Figure 1.10 shows the smallest known operational metal-oxide-semiconductor
(MOS) transistor with an effective gate length of 0.004 µm, or 4 nm, made by
NEC and published in the proceedings of the 2003 International Electron Devices
Meeting of IEEE).
Question: Is there a limit for minimum feature size?
Answer: Yes. The minimum feature size of a microelectronic device made on
a single-crystalline silicon substrate cannot be smaller than the silicon
lattice spacing, which is 5.43 Å. Notice that 1 Å = 0.1 nm = 1×10−10 m.
Question: What is the achievable minimum feature size of an IC chip?
Answer: History has disproved many predictions on the achievable minimum
feature size of an IC device, and the prediction given here may also fall
into that category. One silicon atom is not enough to form the feature
of an electronic device. Therefore, if one needs ten silicon lattices to
form a minimum feature, the achievable minimum feature size of an IC
device might be about 50 Å, or 5 nm.
There will be many technological challenges to overcome before minimum
feature size can reach its final physical limit. Most notable is the patterning
process, which is the fundamental IC manufacturing step used to transfer the

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Figure 1.9 Relative chip size with different technology nodes.

Figure 1.10 The world’s smallest known metal-oxide-semiconductor transistor (H. Wak-
abayashi, et al., IEEE Proc. IEDM, 2003).

designed pattern to a wafer surface and form IC devices. Most likely, optical pho-
tolithography currently being used will have to switch to alternative lithography
technologies—such as extreme ultraviolet (EUV) lithography, nano-imprint lithog-
raphy (NIL), or electron beam direct write (EBDW) lithography—before mini-
mum feature size can reach its final physical limit. This is discussed in more detail
in Chapter 7.
While minimum feature size is shrinking, wafer size is also increasing. Starting
from 10 mm (2/5 in.) in the 1960s, wafer size has increased to 300 mm (12 in.). By
increasing wafer size, one can put more chips on a wafer. From 200 to 300 mm,
the wafer area increases by a factor of (3/2)2 = 2.25, which means the number of
chips per wafer can be doubled on a 300-mm wafer. Figure 1.11 illustrates relative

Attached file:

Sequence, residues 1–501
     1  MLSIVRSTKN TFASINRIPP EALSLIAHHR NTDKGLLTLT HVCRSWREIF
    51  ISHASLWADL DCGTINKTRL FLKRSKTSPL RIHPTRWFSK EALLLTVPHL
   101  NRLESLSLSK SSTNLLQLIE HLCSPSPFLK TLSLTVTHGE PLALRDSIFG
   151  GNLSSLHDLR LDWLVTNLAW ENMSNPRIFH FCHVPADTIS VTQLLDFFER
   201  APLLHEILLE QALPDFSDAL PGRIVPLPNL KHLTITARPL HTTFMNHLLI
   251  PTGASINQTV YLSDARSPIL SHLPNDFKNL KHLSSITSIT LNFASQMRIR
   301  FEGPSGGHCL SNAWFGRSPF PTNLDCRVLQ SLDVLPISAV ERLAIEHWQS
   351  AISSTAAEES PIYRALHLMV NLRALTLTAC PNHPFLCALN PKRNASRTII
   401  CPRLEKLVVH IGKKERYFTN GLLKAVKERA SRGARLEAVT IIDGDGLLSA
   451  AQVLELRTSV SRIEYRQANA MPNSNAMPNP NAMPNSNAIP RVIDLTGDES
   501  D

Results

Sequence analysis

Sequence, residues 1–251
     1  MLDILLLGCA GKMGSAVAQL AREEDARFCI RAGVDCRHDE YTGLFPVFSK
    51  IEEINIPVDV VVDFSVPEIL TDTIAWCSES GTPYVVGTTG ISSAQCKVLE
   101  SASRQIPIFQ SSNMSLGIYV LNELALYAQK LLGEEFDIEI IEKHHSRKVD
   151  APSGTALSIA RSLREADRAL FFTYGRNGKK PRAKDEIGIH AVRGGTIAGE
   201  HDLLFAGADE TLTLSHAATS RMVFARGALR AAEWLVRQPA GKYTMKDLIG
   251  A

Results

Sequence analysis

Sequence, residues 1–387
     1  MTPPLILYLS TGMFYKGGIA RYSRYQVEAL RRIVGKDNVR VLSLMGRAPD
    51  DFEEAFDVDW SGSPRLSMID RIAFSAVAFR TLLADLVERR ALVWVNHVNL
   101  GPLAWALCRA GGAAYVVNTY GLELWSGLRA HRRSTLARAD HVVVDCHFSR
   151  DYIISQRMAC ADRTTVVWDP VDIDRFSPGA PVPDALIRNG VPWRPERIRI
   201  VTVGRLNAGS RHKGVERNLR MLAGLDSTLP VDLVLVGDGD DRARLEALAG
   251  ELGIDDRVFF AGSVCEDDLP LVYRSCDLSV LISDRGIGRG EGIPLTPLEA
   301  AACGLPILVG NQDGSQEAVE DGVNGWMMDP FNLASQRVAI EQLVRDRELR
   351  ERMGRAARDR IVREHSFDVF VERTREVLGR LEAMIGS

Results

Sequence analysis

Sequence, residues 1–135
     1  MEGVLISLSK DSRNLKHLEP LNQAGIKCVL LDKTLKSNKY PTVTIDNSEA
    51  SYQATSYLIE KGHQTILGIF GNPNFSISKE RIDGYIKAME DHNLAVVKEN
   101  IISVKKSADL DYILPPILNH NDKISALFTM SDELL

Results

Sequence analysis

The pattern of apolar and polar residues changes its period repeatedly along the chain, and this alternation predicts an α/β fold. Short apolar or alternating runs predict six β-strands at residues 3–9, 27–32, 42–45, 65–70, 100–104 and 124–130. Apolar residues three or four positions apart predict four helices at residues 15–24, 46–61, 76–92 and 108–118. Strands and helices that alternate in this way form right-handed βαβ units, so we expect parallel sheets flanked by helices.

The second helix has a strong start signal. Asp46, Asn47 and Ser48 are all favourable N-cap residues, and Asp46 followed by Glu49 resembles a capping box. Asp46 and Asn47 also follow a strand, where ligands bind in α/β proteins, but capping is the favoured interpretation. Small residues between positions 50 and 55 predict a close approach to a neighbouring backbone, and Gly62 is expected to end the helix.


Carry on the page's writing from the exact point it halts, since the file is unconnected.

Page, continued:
wafer sizes of 150, 200, 300, and 450 mm.

Question: What is the maximum wafer size?

Answer: No one knows for sure yet. Because flat-panel display (FPD) manufac-
turing equipment has already started to handle a tenth-generation glass
substrate of size 2850 × 3050 mm, mechanical handling of 1000-mm-
diameter (1 m) silicon wafers should not be a big problem. However,
the size of a wafer is limited by many factors, such as crystal pulling,
wafer slicing technologies, process equipment development, and most

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Figure 1.11 Relative wafer sizes.

importantly, the demands of IC fabrication. Because huge amounts of

initial capital investment is needed for research and development to
increase wafer size, not every IC manufacturer is enthusiastic about
doing it, especially doing it first. Currently, the largest wafer used in IC
production is the 300-mm wafer, and this is becoming the mainstream
for advanced IC fabs. The largest wafer on display is 450 mm in di-
ameter, which was proposed for use in IC fabrication starting in 2012.
However, the majority of semiconductor manufacturers and most semi-
conductor equipment manufacturers are not excited about investing the
large amount of capital needed for 450-mm wafer processing, and the
targeted year for implementing 450-mm wafers in IC production almost
certainly will be delayed. If 450-mm wafers eventually do go into IC
production, they will most likely be the largest wafer size.

1.1.5 Definition of the integrated circuit technology node

Technology nodes such as 45, 40, 32, 28, 22, 20 nm, etc., are not defined as the
minimum critical dimension (CD) of the devices. The definition of technology
node is related to the pitch of the gate pattern, as shown in Fig. 1.12. Although
one can easily reduce pattern CD with techniques such as photoresist trimming
[shown in Fig. 1.12(b)], this technique will not reduce the pitch of the pattern. To
reduce pattern pitch, the pattern technologies (which include photolithography and
etch processes) need to be upgraded.
Different IC devices have different relationships of technology node to pattern
pitch. For example, in NAND flash devices (which do not have contact between
gates), the technology node is defined as a half pitch of the gate pattern. Therefore,
a 20-nm NAND flash device has gate patterns of 40-nm pitch (gate CD plus gap)
or a 20-nm half pitch. For a logic IC device with contact between gates (called

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Figure 1.12 Relationship of pattern CD and pattern pitch. (a) Initial photoresist pattern
and (b) photoresist pattern after trimming. Although pattern CD is reduced by the trimming
process, pattern pitch remains the same.

a contact gate), the technology node usually is one quarter of the gate pitch. For
example, a 20-nm logic device usually has an 80-nm gate pitch.

1.1.6 Moore’s law or the law of more

Since the invention of the IC, its manufacturing technology has developed rapidly
and matched Moore’s law very well, as shown in Fig. 1.8. However, the actual
driving force of semiconductor technology advancement is not Moore’s law, but
the law of more (profit). By shrinking the minimum feature size, one can place
more chips onto a wafer or place more devices in a chip. In the “good old